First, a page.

It starts when you drive down National Avenue. You enter the mists of time.
The strip of National from 76th to 59th looks like 1991.
Or 1987. Even 1962.
We’re in West Allis.
There’s a store marked “Family Video” (video!) in a hangarlike Moloch that might have been a Kohl’s grocery. Remember those?
There’s a “business machines” storefront called Ace, advertised by a painted mural on the cinderblock wall outside. One expects they sell comptometers.
The river of asphalt runs through it, tending downhill as you head east.
It’s modest and colloquial. And then you get to the Inn.
Kegel’s Inn. This is nostalgia on another level. Here, you’re not in West Allis. Maybe Westphalia.
It’s a real palace. The place has been here since 1924. When it opened, the beer they sold was illegal. It was a “soft drink parlor.” A speakeasy.
It’s in the Kegel family even now. We pronounce it echt Milwaukee.
But have you heard of it? Neither had we.
It came to us by a stroke of Siri-serendipity last Saturday night. We’re glad it did.
This place came through Prohibition, which was so damaging to Milwaukee’s native beer culture. The Inn’s rich website displays a facsimile of Anna Kegel’s rap sheet for selling alcohol in 1927. Good for her!
The place was reopened with great pomp in the time of Franklin Roosevelt and redecorated in the 30s with the care and craftsmanship one usually associates with houses of worship — right down to the stained glass windows.
This is a shrine of American Germania.
Kegel’s is in a purpose-built building entirely clad in stone except for the north side, which has the split timbers and stucco one might see in Nuremberg. You come upon a grand front door trimmed in carved stone with a hops motif. A copper lantern green with time hovers above. On the leaded glass in the oak door, a legend: Hail, friend.
You enter. You gasp.
It’s splendid. Here is the bar — “the longest solid piece of mahogany west of Philadelphia” — backed with mirrors cased in oak. There are tall clay beer mugs, rows of taps and a phalanx of shiny glasses.
But look above the oak wainscoting. The place has been touched by a barroom Michelangelo and is coated all over in murals and inscriptions. There’s a curling scroll in German: “Wilkommen wer Freund ist, Bleib’ draussen wer Feind ist.” (“Welcome to friends; Enemies, keep out!”)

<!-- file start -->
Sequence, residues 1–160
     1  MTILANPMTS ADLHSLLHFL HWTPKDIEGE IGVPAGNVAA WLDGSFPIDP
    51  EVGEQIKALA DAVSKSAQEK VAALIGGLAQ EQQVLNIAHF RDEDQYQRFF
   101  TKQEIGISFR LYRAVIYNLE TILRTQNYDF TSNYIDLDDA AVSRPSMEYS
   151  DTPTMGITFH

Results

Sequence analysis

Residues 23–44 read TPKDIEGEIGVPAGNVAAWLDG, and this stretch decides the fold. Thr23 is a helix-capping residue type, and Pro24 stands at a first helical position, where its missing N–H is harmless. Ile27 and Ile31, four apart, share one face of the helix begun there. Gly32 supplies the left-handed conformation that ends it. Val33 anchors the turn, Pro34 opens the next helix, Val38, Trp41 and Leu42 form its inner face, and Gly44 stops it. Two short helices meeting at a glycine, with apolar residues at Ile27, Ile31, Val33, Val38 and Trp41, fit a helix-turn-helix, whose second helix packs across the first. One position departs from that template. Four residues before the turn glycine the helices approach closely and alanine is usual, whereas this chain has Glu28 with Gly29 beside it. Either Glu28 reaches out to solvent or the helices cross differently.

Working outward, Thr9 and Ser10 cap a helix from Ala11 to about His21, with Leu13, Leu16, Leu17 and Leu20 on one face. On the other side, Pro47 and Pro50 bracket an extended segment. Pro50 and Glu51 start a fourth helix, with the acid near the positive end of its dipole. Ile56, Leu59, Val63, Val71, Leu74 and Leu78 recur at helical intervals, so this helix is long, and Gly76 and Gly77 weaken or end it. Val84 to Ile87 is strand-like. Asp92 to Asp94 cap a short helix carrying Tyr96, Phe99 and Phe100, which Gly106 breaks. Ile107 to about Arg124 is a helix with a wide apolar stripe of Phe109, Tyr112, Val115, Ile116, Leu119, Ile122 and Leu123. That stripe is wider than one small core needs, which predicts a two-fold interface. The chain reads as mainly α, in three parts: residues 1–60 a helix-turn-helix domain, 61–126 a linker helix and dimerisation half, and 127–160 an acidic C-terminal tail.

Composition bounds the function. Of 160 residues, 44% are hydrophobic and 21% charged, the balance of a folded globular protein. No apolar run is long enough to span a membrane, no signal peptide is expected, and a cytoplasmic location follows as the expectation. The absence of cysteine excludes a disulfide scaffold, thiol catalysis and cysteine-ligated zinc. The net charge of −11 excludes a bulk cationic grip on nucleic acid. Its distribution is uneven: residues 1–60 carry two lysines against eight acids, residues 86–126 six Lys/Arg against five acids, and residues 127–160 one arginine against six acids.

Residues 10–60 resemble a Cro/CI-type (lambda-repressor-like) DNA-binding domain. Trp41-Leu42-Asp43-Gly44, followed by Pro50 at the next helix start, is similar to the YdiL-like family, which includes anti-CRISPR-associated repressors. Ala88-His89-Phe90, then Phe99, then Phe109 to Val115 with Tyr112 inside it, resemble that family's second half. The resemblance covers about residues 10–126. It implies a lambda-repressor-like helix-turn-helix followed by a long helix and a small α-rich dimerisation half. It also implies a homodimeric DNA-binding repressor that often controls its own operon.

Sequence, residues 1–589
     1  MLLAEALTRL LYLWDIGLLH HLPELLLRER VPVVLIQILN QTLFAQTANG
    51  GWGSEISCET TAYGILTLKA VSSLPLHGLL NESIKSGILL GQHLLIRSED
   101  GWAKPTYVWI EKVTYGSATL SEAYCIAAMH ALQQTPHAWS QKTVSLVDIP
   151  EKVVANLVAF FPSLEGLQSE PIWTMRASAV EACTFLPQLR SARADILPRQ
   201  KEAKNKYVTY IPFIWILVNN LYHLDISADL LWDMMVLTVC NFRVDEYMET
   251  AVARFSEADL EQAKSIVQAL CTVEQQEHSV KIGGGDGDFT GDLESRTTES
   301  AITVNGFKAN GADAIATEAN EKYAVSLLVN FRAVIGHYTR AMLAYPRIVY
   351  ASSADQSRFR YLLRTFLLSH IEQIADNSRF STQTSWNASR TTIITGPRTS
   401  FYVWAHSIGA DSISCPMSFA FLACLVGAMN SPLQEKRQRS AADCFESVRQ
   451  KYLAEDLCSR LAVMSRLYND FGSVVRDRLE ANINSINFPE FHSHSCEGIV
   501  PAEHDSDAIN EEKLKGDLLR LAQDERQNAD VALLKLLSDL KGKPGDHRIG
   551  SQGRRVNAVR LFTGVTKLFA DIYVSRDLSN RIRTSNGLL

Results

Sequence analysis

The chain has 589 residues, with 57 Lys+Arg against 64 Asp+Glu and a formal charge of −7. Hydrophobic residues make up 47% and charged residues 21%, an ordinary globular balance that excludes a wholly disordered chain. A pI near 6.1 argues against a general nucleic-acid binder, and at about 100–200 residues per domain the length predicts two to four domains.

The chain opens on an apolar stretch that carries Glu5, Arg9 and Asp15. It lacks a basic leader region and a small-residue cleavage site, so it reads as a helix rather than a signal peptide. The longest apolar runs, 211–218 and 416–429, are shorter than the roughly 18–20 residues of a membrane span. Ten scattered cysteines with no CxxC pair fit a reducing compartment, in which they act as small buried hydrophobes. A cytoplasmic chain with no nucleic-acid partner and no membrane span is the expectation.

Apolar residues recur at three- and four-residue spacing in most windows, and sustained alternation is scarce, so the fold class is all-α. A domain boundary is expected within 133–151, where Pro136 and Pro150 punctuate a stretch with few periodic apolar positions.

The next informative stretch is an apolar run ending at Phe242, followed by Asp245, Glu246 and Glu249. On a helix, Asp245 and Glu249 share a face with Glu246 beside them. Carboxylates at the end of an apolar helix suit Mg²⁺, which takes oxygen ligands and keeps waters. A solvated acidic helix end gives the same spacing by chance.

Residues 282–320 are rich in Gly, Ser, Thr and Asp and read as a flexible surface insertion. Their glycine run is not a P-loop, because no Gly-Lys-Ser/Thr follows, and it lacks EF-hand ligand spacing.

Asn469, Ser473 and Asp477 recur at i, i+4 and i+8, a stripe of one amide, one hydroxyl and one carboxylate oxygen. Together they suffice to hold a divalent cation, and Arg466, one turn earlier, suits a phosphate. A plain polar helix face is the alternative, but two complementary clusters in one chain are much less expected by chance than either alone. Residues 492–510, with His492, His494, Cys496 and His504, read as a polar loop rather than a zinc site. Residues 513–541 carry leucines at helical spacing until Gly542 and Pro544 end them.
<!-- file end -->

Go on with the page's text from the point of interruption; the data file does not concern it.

Another, in English says, “Courtesy, the rule of this house, will be extended to everyone.” Truly democratic. Very American.
And the murals go on and on into two dining rooms. They fly over the waitresses’ station and the ladies’ room door. They dance over beams in the ceiling. There are garlands and vases of flowers. All come from one hand: that of Peter Greis from Darmstadt. He came to New York in 1925. A good time to get out of Germany.
The Hessian artist had a sense of humor. At the start of our meal we raised our glasses in a toast, but above us leered a monkey in a top-hat and waistcoat — accompanied by a hissing cat. “Trink Dein Glas heut’ ohne Sorgen, dann der Kater kommt erst Morgen.” “Drink your glass today without a care, then first thing in the morning the hangover comes!”
Even part-time Germans will know that a Katzenjammer or “cat’s distress” is a hangover. Here you should contract yours from one of 10 draught beers… or a brandy old-fashioned. Kegel’s old fashioned is mildly unorthodox in that it comes with a splash of fizz. The cherry is canonical.
The painted scenes show high as well as low. There are nobles hunting boar amid a species of tree not found in the new world. Wikipedia calls it the Knotted Willow. There are deer and pheasants and gamboling peasants.
Purpose-made wrought-iron chandeliers light the place, with hooded gnomes marching around the rim, each hoisting a mug of beer. Try finding those at Ikea.
Most of the waitresses seem to have decades of experience. It has made them silk-smooth and professional. They glide over the shiny wood floors with a certain maternal benevolence.